Who should know about my advance medical directive?
Your family members, physician and possibly friends should know of your wishes. A copy should be given to your physician and another copy placed with other important papers in a location familiar to family members.
What am I declaring by doing an advance medical directive?
You are making a decision now regarding your future medical care should the following circumstances occur:
Durable Power of Attorney and Living Will
Advance Directive Card
Montana POLST (Provider Orders for Life-Sustaining Treatment) Form
- You have an incurable or irreversible condition; and
- Your death may occur within a relatively short time without life-sustaining treatment; and
- You are no longer able to make decisions regarding your medical treatment.
Kalispell Regional Healthcare has always recognized its duty and obligation to provide services to the community in a professional and confidential manner. Even with today's rapid expansion of computerized medical records, Kalispell Regional Healthcare meets the challenge of balancing patients' need to have their information handled confidentially with our health care team's need to provide efficient, effective care based on accurate information.
Kalispell Regional Healthcare trains staff and volunteers annually on confidentiality and related issues. We request authorization to release confidential medical records for purposes other than your treatment. We provide information to the local media and clergy on a need-to-know basis. We offer families a confidential status option, where no information beyond required releases will be provided to anyone.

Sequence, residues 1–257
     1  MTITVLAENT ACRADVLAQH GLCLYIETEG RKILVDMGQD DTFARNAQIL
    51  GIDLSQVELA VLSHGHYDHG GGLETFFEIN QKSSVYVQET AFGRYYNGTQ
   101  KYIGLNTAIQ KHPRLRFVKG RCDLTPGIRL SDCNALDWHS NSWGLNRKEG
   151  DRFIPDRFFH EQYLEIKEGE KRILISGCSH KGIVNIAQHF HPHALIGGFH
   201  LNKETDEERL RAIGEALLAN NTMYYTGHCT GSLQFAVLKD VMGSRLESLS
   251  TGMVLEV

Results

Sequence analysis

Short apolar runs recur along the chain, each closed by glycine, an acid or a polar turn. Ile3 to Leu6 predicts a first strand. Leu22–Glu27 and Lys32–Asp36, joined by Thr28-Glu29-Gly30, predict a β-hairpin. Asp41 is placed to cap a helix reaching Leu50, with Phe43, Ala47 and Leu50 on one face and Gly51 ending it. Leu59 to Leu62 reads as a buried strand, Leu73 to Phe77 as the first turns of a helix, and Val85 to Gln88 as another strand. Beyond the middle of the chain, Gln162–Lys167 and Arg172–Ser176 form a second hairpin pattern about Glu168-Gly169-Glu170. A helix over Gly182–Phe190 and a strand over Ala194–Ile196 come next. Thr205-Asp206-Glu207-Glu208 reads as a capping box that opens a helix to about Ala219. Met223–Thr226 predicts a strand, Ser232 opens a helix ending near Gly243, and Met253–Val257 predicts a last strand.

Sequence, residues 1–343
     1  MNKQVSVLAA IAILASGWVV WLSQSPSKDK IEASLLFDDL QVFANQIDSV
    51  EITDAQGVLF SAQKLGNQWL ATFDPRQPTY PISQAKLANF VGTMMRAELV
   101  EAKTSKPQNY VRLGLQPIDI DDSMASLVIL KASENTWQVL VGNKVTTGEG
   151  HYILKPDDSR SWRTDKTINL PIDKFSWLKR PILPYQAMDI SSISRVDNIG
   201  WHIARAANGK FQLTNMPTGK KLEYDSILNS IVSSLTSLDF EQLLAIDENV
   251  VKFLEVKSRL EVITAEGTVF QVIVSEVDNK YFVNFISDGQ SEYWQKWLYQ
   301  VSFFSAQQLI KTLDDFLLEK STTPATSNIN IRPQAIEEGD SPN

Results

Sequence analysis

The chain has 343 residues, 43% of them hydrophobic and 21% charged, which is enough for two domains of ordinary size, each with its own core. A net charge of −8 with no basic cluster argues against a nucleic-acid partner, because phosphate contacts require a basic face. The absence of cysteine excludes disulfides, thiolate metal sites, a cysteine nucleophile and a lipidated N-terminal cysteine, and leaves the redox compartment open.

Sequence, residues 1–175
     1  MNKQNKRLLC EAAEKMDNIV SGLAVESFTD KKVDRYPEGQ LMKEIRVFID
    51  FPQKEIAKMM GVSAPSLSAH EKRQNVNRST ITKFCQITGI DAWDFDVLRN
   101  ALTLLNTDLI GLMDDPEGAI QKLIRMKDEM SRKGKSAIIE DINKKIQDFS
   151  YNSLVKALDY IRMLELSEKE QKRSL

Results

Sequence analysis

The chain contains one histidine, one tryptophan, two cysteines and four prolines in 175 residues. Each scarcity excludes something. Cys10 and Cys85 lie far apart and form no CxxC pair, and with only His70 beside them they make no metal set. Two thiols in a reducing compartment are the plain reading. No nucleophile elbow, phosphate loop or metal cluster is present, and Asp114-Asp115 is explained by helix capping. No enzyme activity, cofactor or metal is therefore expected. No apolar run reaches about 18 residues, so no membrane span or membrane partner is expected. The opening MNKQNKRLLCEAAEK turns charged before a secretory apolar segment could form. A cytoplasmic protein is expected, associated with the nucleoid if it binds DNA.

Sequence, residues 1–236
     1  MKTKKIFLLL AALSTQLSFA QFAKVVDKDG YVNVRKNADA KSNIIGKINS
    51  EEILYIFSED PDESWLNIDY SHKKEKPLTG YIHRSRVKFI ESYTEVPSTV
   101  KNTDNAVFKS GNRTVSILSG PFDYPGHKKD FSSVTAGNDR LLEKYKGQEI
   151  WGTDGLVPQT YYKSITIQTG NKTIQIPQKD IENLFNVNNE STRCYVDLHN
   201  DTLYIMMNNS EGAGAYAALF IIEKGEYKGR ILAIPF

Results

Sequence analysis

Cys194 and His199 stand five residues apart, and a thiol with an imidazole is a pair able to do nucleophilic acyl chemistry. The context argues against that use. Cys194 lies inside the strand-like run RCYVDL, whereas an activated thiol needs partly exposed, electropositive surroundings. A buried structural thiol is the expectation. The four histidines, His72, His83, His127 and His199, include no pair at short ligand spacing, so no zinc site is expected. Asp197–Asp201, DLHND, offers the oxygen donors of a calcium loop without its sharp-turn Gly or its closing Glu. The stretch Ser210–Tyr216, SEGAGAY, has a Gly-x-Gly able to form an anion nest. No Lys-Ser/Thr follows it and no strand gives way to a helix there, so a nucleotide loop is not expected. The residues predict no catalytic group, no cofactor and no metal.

Kalispell Regional Healthcare's policies and procedures are compliant with federal privacy regulations. If you have questions about the confidentiality of your medical records, please contact the KRH Privacy Office at (406) 752-1742.
Health care decisions can be complex, especially when a patient is in critical condition. If you are troubled by any decisions in your medical care or that of a family member, you may talk to a member of our Medical Ethics Committee, which is made up of doctors, chaplains, social workers, nursing staff and administrators. You can contact the Medical Ethics Committee through Quality and Safety Services at (406) 752-1774.
Kalispell Regional Healthcare has established this organizational code of ethics in recognition of our ethical responsibility to patients, families, staff, physicians and the community we serve. Reflective of our mission and core values, this code provides the ethical foundation for all policies, procedures and activities within the organization.
Organizational Code of Ethics
Patient Bill of Rights & Responsibilities
During the admission process, patients are given access to Kalispell Regional Healthcare's Patient Bill of Rights and Responsibilities along with other admission papers. This document presents a condensed listing of patient rights and responsibilities from Administrative Policy A401, Patient Rights & Responsibilities. It is very important that you understand this information. Please ask if you have any questions or need any part of the information explained to you. To review a complete and current copy of this policy, contact Quality and Safety Services at (406) 752-1774.
Patient Bill of Rights and Responsibilities
Patient Visitation Policy
Patient Visitor Policy
Patient Visitor Rights